This spring, Mount Madonna School (MMS) third grade students combined history with journalistic and oral presentation skills by completing a deeply researched biography project that they presented to their classmates. Each student picked a notable person who inspires them in a personal way, and followed their passion to dive into their research.
“It inspired us to be powerful like the people we learned about,” said Amaya Bakhru.
Student Cala Watson picked the conservationist David Attenborough because she was impressed by his dedication to exploring the world and saving animals who are at risk of extinction.
“He’s been to every single continent, and he spent his whole life making the world better,” Watson said. As part of her project, Watson wrote to Attenborough–and to her delight, he wrote back! Attenborough thanked her for her interest in conservation and encouraged her to keep pursuing her passion.
The students’ presentations included thorough research of their subjects’ childhoods, accomplishments, and personal life, and in the process, each student discovered something to apply to their own life.
Amaya Bakhru chose Malala, the woman who was shot by the Taliban in 2009 and recovered, continuing to stand up for the right for girls to go to school.
“She risked her life for it because she believed in it so much,” Bakhru said.
Bakhru picked Malala because Malala is Indian. “It is cool to see an Indian girl like me make such a difference in the world,” she said.
Like Bakhru, many of the students chose their subjects because of a personal tie, and their excitement for that tie was evident in the way their eyes lit up when they talked about it. Student Jasper Magill chose Mark Twain because his grandmother loves his books and read them as a child. Arias Aguirre chose Jackie Robinson because he shares a deep passion for baseball. Student Georgie Gelsinger chose the first female American journalist Nellie Bly because she loves to write books and magazines at home.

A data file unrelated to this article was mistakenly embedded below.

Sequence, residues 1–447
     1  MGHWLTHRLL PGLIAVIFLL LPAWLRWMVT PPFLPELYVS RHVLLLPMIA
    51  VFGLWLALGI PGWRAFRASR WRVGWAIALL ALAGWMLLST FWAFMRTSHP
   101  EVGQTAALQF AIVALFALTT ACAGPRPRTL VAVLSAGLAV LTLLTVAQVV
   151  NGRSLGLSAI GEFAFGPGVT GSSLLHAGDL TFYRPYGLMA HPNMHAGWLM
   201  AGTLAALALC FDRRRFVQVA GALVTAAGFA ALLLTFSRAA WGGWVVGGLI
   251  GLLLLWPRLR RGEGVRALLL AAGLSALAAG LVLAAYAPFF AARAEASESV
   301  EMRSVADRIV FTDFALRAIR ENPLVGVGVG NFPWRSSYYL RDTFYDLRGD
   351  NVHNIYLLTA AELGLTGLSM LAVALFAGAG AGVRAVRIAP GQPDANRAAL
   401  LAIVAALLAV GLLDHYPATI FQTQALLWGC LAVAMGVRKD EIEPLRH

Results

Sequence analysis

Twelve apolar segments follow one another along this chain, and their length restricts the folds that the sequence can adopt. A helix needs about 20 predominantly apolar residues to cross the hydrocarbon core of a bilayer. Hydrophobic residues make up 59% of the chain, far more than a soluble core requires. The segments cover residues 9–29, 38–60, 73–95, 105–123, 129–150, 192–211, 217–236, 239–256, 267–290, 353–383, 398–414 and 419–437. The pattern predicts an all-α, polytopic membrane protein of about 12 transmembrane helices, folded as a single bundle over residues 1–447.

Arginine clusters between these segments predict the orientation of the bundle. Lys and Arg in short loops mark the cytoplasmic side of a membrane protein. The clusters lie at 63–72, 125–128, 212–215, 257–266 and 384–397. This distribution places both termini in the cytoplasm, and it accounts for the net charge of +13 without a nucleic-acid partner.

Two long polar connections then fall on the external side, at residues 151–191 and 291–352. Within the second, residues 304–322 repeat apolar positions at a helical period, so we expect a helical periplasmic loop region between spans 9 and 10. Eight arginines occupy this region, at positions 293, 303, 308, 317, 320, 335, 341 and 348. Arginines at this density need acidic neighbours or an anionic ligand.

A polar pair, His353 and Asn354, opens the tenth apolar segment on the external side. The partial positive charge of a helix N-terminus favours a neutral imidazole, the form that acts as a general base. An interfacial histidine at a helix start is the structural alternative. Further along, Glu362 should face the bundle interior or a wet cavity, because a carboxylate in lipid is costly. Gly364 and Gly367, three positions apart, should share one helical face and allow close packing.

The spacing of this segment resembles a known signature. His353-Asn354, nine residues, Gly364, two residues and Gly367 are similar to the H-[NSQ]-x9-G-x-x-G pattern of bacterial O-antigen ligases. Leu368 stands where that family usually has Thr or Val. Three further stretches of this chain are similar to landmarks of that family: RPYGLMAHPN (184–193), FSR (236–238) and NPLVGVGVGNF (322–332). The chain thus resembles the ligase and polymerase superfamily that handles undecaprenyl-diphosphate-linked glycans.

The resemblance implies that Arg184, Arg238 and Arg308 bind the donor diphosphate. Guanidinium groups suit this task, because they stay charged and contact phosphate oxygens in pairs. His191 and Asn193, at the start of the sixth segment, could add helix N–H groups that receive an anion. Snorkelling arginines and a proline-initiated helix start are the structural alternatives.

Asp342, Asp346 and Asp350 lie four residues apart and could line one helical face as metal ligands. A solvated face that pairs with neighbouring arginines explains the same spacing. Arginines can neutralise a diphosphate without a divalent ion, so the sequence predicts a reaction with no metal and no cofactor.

“Nellie Bly read a fiction book about someone traveling around the world in 80 days, and she thought, ‘I want to do that in real life!’” Gelsinger said. “She was the first woman to travel around the world – and then she wrote about her adventures. After that, she wrote a ton of books in her lifetime.”
Other student biographies included Neil Armstong, American soccer player Abby Wambach, basketball player Kobe Bryant, Barbadian singer Rhianana, gymnast Simone Biles, Marie Curie, and songwriter Lin-Manuel Miranda.
“I’m obsessed with ‘Hamilton,’ and all his other music,” said student Asher Brinton, who studied Miranda. “Honestly, his life shows that if you get really into something, you can do anything.”